University of California

Mechanical harvesting of sweet cherries: 1961 tests show promise and problems


R. A. Norton
L. L. Claypool
S. J. Leonard
P. A. Adrian
R. B. Fridley
F. M. Charles

Authors Affiliations

R. A. Norton is Associate Agriculturist, Extension Service, Davis; L. L. Claypool is Professor of Pomology, U. C., Davis; S. J. Leonard is Food Technologist, U. C., Davis; P. A. Adrian is Agricultural Engineer, U. S. Department of Agriculture and Associate in Agricultural Engineering, U. C. Davis; R. B. Fridley is Assistant Professor and Assistant Agricultural Engineer, U. C. Davis; F. M. Charles is Farm Advisor, San Joaquin County.

Publication Information

Hilgardia 16(5):8-10. DOI:10.3733/ca.v016n05p8. May 1962.

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Tests indicate that, under good conditions, 80 to 90 per cent removal of sweet cherries is possible by mechanical shaking. However, overcoming tree injury is essential to successful commercial use of tree shaking equipment. Improved clamping devices must be developed that will eliminate or minimize tree injury. Pruning and training adjustments will be required to facilitate use of mechanical harvesting equipment in the orchard and aid in fruit removal. Results of brining tests indicate that much of the bruising observed in the fresh fruit was not visible after brining, particularly when the fruit was placed in brine immediately after harvest. Shipping any of the mechanically harvested sweet cherry crop appears impractical today.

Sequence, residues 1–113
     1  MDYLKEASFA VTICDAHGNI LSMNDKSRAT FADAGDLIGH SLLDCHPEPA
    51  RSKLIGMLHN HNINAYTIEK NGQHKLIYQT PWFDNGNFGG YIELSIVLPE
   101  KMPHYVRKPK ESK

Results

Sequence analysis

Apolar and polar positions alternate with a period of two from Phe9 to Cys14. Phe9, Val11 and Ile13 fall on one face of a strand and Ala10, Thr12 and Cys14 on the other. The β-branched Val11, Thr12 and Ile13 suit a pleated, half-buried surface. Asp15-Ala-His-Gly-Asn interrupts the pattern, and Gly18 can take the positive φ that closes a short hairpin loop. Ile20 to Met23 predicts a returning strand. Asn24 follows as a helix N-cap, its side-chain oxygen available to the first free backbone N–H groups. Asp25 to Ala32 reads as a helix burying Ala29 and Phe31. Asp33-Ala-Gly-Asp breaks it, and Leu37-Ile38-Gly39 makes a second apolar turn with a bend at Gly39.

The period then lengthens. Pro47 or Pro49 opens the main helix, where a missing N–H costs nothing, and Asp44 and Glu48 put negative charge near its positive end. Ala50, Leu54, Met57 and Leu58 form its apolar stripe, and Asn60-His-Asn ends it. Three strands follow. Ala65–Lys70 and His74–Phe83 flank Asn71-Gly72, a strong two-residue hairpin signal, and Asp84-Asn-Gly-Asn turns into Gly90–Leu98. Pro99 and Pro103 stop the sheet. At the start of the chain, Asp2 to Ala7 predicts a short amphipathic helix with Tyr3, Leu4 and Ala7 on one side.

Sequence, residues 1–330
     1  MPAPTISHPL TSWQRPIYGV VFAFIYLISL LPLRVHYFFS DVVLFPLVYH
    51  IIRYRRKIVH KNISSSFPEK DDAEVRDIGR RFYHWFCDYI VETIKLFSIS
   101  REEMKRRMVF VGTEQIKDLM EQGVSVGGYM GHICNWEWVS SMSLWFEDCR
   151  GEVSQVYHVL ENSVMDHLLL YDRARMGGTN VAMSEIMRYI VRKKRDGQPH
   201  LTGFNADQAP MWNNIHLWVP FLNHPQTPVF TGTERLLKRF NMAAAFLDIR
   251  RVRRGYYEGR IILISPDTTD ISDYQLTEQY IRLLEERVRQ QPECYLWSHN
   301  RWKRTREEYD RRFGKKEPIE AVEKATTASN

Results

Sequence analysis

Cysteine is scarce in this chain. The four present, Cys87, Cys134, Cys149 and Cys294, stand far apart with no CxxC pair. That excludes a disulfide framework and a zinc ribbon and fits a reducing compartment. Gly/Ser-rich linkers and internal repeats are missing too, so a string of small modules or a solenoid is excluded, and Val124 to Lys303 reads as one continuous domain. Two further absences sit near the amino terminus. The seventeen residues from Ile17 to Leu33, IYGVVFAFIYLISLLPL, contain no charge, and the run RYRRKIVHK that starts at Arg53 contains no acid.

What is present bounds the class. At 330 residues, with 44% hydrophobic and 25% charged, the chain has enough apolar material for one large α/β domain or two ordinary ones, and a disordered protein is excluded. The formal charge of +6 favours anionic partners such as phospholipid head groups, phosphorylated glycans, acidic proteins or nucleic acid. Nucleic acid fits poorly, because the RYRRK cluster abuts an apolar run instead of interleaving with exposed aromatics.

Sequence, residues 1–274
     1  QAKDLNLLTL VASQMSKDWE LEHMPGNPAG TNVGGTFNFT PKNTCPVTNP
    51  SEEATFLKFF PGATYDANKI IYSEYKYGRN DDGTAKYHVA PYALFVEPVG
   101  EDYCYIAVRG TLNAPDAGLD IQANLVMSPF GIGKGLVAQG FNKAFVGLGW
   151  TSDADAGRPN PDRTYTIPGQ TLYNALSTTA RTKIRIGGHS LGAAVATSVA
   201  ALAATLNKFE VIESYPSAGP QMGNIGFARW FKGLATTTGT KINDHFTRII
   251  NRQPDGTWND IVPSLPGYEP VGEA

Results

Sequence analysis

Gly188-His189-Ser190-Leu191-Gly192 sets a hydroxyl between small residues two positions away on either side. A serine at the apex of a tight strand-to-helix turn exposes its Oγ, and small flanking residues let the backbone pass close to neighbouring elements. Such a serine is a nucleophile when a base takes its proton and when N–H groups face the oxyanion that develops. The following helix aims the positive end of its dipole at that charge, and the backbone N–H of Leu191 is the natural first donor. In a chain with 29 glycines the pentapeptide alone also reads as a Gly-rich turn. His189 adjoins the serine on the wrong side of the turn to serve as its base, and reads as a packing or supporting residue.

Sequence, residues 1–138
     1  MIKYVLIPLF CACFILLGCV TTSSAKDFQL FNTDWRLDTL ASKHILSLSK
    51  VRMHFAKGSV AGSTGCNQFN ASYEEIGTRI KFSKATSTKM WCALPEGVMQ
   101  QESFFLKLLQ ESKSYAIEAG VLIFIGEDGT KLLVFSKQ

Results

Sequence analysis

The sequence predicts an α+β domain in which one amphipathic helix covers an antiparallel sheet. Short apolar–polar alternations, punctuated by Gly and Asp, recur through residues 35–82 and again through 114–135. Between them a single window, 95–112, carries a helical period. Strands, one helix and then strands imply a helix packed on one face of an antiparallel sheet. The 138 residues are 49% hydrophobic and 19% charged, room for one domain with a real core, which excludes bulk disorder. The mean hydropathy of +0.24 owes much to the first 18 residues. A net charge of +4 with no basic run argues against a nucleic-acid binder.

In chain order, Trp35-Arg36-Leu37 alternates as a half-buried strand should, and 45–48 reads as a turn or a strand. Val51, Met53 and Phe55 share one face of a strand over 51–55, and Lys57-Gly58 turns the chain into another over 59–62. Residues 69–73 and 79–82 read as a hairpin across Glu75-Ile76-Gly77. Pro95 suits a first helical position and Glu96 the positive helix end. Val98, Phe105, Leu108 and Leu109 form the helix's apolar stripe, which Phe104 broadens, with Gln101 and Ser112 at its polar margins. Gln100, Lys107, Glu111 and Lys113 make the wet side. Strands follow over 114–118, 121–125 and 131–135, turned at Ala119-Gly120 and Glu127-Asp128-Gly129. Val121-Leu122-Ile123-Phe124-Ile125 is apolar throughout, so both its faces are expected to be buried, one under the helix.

Norton R, Claypool L, Leonard S, Adrian P, Fridley R, Charles F. 1962. Mechanical harvesting of sweet cherries: 1961 tests show promise and problems. Hilgardia 16(5):8-10. DOI:10.3733/ca.v016n05p8
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